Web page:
Before we make these blissful breads, let me offer you a few important notes:
Note #1: Pretzel dough can be made entirely by hand. To save a little time, I use a standing mixer (equipped with a dough hook) to blend and knead the dough.
Note #2: A short soak in a mixture of boiling water and baking soda gives the rolls their unique color and texture. A soup pot or any wide and fairly-deep pan will suffice as a pretzel roll “bath tub.”
Note #3: You haven’t lived until you’ve tried a grass-fed beef burger in a pretzel roll. (And because I love you, I’m going to make such a burger at the end of this recipe!)
Everything’s better with butter.
On the other hand, nothing is better with Blue Bonnet on it.
Scrape the dough off the hook-attachment, cover the bowl with plastic wrap (you needn’t grease the bowl), and place it a warm location until the dough doubles in volume — about 90 minutes. As you can see, my “warm location” is a common heating pad. I use the heating pad because I live in a very charming but drafty 19th century house.
No picture of this next step: Line a large baking sheet with either parchment paper or a silicone mat.
Also, center the oven rack, and preheat the oven to 425°F.
I seem to be saying “’em” instead of “them” quite a bit in this post. Apparently I’m a country boy. A very liberal and progressive country boy.
Bake in the preheated oven until perfectly puffed and bronzed — 15-20 minutes. If you are not going to eat the rolls right away, let them cool on a wire rack. You can store them at room temperature in a paper sack (don’t seal them in plastic) for up to 24 hours. Or you can freeze them.
Are you still with me? Good. I’d like to serve you a hamburger!
Think you’ll give these easy pretzel rolls a try? You can let me know by leaving a comment. As always, I love hearing from you.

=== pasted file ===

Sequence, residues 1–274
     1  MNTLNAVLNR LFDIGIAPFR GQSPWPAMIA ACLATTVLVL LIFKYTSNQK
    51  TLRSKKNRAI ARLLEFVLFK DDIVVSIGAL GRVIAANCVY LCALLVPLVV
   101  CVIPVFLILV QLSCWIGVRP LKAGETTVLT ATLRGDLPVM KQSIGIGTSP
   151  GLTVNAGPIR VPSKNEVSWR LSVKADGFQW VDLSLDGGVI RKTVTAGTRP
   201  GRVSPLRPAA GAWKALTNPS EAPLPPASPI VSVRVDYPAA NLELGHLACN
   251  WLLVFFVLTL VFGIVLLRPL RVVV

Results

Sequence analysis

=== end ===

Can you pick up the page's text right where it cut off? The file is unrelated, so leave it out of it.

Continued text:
Here’s a printer-friendly, copy-and-paste version of the above:
Kevin Lee Jacobs
Ingredients for 8 rolls
For the pretzel dough:
1 1/2 cups warm (110°F) water
2 1/4 teaspoons active dry yeast
2 teaspoons sugar
4 1/2 cups all-purpose (or “plain”) flour
2 teaspoons kosher salt
4 tablespoons unsalted butter, melted
For the poaching liquid:
10 cups water
1/3 cup baking soda
For glazing the rolls:
1 egg, beaten
Kosher salt, a pinch for each roll (optional)
Special Equipment: A standing mixer (if not mixing and kneading by hand); a parchment- (or silicone mat-) lined baking sheet; a large pan or soup pot for the hot-water bath
Stir together the water, yeast, and sugar in the bowl of a standing mixer. Let rest until the yeast foams — about 5 minutes. Then add the flour, salt, and melted butter. Blend at low speed until combined — about 30 seconds. Then increase the speed to “medium,” and knead until the dough cleans the bowl — 3 to 5 minutes. Cover the bowl with plastic wrap, and set it some place warm until the dough doubles in volume — about 90 minutes.
Deflate the dough, and scrape it onto a lightly-floured work surface. Then cut the dough into 8 equal segments. Form each segment into a ball, and pinch the underside to seal. Then lightly flatten the rolls so they resemble, more or less, hamburger buns. Place the buns on the parchment-lined baking sheet, cover with plastic wrap, and let rise until nearly doubled in volume — about 30 minutes.
Meanwhile, bring the poaching water to a boil, and then lower the heat to achieve a slow simmer. Also, center the oven rack, and preheat the oven to 425°F.
When the rolls are ready, add the baking soda to the simmering water in small increments (the water will foam). Transfer 2 or 3 rolls at a time to the soda-water bath, and let them soak for 30 seconds. Then flip the rolls over, and let them soak for 30 seconds. Use a slotted spatula to return the rolls to the lined baking sheet (sealed side down).
Brush the tops with the beaten egg. Then use a sharp knife or razor blade to make two 1/4-inch-deep slashes in the tops.
Bake until perfectly puffed and bronzed — 15-20 minutes. Then cool on a wire rack. The rolls will retain their freshness for up to 24 hours if kept at room temperature in a paper sack. Freeze for longer storage.
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